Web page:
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Dunster Names New Resident BGLTS Tutors

Masters take action following charges of homophobic environment

Dunster House Co-Master Ann Porter chats with Miranda Dietz ’06 at the first annual Queer-Straight Social in the Dunster Small Dining Room last night. Dunster also appointed two resident BGLTS tutors last week.
Dunster House Co-Master Ann Porter chats with Miranda Dietz ’06 at the first annual Queer-Straight Social in the Dunster Small Dining Room last night. Dunster also appointed two resident BGLTS tutors last week.
By Claire Provost, Crimson Staff Writer

Following allegations of harassment and discrimination against the queer community in Dunster House, House Masters Roger and Ann Porter appointed two resident Bisexual, Gay, Lesbian, Transgender and Supporter (BGLTS) tutors Friday.

Students in Dunster, which has not had resident BGLTS tutors since 2002, charged over the Dunster open-list last week that the House was “exceptionally homophobic” and that students were afraid to be openly gay in Dunster.

“I myself have been harassed numerous times, and the same has happened to my friends,” wrote Joseph R. Geschlect ’06 in an e-mail encouraging fellow Dunster students to attend the Queer-Straight Social held last night.

Geschlect cited examples of neighbors tearing down his holiday decorations and decorations for his friend’s coming-out party.

“This harassment peaked when I returned from winter break to find lesbian porn slipped under my door in an attempt to ‘convert’ me,” he wrote.

The introduction of the new tutors—Mafalda Cardim and history graduate student Daniel Sargent—came in an e-mail to the entire House Friday in response to the debate sparked by Geschlect’s e-mail. Geschlect said that Dunster was one of only two Houses without resident BGLTS tutors.

“Once Joe’s e-mail became publicly disseminated, the Porters quickly moved to remediate the situation,” Sargent said while attending the social last night.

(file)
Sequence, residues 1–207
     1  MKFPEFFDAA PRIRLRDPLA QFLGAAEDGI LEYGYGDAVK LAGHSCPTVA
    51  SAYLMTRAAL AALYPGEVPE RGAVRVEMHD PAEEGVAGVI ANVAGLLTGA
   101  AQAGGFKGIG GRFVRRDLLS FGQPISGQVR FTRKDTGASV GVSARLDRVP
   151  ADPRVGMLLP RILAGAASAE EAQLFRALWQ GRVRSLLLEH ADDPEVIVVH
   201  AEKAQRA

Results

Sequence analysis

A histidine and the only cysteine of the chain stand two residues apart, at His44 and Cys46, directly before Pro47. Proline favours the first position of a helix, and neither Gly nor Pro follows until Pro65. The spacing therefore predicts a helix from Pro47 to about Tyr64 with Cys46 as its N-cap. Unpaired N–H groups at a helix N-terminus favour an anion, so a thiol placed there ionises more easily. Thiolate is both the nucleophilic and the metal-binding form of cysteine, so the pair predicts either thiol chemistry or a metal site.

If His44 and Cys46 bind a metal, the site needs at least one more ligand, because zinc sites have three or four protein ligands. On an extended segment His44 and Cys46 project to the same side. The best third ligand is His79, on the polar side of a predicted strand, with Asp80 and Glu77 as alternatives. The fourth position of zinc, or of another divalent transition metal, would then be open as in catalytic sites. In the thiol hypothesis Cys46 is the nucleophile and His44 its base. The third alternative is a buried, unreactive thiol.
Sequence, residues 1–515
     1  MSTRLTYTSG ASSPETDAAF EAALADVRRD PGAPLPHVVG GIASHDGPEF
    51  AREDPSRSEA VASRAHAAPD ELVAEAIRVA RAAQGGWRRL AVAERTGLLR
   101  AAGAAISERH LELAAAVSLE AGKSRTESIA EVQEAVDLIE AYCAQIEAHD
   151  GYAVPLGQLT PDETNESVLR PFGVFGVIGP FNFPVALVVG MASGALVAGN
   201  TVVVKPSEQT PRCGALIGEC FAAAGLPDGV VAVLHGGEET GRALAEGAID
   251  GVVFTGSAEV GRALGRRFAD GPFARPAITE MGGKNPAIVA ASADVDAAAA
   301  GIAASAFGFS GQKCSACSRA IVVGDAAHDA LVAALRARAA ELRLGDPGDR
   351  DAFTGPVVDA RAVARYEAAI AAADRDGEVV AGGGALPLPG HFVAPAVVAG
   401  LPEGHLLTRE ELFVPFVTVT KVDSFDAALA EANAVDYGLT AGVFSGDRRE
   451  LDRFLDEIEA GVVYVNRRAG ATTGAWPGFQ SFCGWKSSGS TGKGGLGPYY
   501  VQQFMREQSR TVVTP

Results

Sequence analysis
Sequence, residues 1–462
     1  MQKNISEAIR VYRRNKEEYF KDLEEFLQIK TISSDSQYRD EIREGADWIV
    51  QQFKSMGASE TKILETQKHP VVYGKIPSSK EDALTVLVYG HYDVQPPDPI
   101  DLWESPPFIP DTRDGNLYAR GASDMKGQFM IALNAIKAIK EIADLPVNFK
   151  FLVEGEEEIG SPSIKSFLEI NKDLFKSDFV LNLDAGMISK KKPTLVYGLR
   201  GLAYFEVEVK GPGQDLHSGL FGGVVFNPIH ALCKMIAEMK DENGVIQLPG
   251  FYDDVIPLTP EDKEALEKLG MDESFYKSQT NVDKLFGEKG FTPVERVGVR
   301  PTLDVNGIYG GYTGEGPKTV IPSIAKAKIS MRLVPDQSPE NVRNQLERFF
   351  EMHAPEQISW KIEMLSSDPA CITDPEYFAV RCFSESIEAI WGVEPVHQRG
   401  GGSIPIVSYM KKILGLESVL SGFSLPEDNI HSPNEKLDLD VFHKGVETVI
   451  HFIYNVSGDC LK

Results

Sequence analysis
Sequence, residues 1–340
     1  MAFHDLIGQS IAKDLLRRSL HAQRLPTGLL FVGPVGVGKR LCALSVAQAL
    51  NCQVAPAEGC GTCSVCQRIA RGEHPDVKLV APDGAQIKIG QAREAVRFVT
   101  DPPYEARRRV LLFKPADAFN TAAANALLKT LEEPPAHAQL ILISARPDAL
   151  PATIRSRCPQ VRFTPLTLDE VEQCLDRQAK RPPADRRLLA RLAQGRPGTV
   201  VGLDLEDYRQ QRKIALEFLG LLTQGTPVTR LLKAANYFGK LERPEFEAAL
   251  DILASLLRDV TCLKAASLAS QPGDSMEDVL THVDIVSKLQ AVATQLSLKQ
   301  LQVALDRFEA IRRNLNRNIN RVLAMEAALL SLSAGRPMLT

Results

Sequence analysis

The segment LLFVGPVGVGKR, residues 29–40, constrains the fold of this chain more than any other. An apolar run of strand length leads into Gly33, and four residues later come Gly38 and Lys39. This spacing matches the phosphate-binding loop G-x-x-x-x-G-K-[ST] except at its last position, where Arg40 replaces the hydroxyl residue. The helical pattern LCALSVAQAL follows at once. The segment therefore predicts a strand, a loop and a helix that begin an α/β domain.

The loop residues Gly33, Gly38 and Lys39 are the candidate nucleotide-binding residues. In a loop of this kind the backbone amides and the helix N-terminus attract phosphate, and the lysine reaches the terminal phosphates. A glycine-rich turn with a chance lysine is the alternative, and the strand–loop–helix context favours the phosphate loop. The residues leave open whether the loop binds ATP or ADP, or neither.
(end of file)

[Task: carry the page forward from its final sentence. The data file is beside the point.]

Cardim, a tutor in Dunster for a year and a half, said she volunteered to be a BGLTS tutor at a regularly-scheduled tutors’ meeting Thursday.

“We will basically begin to call the things we already do by their names,” said Cardim, who said she hosts an informal gathering every Tuesday to watch “Queer Eye for the Straight Guy.”

Geschlect said last night’s social, which he helped organize, aimed “to stop the sense of divisiveness” in Dunster.

“We’re students just like anyone else,” he said. “Straight friends often get flack for their gay friends, and that also needs to stop.”

Dunster resident Natalie M. Orr ’06 was one of about 40 people who attended last night’s social.

“Several of my gay friends were being harassed…and I feel it’s just horrendous,” said Orr, who added that some of her gay friends have not had problems.

Ann Porter said one reason for adding the resident BGLTS tutor was that Dunster’s sophomore class is larger than usual and “could really benefit from an in-house tutor.”

“The perception [of homophobia in Dunster] has been very frustrating, because there hasn’t been a lack of caring or of trying,” Porter added.

Geschlect said that although “some of it is just perception, much of it is very real...partially because there were no BGLTS tutors, and because many students see the Porters as more conservative and so that they don’t like BGLT students,” said Geschlect.

But Geschlect said he has found the Porters to be nothing but supportive.

Geshlect pointed to the previous lack of BGLTS tutors in Dunster as one reason for the uncomfortable environment.

“The wonderful [BGLTS] tutors in Mather House have been a great resource, but they cannot be a permanent substitute for our own in-residence tutors,” he wrote in the e-mail.

One of Dunster’s non-resident BGLTS tutors, Michael Katherine Haynie ’00, said the House needed a in-house tutor to support BGLT students.

“If a student has a real issue, it’s going to be at three in the morning,” Haynie said.

Haynie said this support work rather than social activities is the primary responsibility of such tutors.

“We tried to host more active events in the past, but students just weren’t interested,” Haynie said. “But the House was once really gay-friendly, the Senior Tutor was gay, and perhaps it was felt it wasn’t needed.”

Sargent said that the new tutors were planning a variety of activities but would be sensitive to what he said was the current reliance of the Dunster gay community on Mather House’s events.

“I think we want to be careful not to conflict with Mather events, to not become competitive, but rather complimentary–to realize that we’re dealing with a community that extends across Houses,” Sargent said.

Erik P. Garrison ’06, a Dunster resident who attended the social, said he thought having the BGLTS tutor would help combat any perception that Dunster was homophobic.

“It changes perception, and perception is reality,” he said.

Cabot is now the only House without a BGLTS advisor.

—Staff writer Claire Provost can be reached at jprovost@fas.harvard.edu.

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